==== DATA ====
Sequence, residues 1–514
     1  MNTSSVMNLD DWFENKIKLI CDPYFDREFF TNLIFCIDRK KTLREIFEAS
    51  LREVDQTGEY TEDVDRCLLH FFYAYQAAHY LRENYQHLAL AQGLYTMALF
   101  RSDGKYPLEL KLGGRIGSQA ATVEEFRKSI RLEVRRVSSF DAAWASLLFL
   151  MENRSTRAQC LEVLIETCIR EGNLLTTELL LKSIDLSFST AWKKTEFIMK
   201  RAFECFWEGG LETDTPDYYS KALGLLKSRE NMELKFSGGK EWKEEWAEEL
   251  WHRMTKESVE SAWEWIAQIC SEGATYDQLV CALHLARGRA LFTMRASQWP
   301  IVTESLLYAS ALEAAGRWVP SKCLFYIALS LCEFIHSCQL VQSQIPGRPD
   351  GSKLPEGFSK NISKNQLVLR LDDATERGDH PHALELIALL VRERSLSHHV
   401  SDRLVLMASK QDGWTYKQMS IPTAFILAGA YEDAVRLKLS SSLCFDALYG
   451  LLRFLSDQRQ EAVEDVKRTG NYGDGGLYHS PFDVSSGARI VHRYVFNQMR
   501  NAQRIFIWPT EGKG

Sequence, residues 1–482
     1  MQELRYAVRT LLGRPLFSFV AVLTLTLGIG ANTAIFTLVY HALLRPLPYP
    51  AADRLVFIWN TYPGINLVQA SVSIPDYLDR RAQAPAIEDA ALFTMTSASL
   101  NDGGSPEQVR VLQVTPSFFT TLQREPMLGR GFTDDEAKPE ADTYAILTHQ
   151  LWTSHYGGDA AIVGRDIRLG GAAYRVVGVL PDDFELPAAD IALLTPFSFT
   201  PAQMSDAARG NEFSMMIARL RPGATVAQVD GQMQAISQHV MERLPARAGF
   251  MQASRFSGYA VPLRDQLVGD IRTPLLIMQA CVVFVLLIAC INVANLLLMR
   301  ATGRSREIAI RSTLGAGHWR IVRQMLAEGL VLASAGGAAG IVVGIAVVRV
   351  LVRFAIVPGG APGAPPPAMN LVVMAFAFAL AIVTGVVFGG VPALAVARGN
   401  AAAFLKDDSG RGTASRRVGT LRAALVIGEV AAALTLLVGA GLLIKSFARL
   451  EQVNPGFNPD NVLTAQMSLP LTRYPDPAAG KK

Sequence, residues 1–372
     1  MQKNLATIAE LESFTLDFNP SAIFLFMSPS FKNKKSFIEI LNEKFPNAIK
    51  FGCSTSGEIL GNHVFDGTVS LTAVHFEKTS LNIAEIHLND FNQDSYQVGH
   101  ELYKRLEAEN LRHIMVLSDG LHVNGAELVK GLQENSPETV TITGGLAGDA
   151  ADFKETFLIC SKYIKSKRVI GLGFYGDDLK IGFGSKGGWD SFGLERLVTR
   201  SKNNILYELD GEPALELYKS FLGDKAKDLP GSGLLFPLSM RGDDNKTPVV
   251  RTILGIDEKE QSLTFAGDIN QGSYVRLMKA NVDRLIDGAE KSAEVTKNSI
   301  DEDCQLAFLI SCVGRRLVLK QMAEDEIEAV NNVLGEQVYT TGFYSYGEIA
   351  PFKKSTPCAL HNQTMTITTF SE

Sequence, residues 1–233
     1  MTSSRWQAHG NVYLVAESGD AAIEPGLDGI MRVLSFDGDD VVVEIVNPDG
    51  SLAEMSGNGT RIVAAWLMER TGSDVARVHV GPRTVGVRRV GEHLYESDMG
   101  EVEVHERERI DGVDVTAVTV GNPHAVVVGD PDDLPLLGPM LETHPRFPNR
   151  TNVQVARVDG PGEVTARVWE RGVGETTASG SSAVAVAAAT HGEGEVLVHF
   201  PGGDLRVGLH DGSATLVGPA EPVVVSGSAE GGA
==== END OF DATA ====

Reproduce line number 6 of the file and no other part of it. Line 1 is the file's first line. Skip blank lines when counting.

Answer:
   201  RAFECFWEGG LETDTPDYYS KALGLLKSRE NMELKFSGGK EWKEEWAEEL